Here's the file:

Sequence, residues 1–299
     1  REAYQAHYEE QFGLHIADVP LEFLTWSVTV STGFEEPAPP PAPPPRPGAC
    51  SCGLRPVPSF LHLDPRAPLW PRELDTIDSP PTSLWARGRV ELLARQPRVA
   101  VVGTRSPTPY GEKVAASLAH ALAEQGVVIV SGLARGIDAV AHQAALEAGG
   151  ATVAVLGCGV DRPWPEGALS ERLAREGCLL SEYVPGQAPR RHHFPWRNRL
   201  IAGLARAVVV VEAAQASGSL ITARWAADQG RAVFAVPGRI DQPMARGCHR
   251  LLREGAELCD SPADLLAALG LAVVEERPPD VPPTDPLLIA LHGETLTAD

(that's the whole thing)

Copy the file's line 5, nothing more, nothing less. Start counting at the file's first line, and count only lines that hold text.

   151  ATVAVLGCGV DRPWPEGALS ERLAREGCLL SEYVPGQAPR RHHFPWRNRL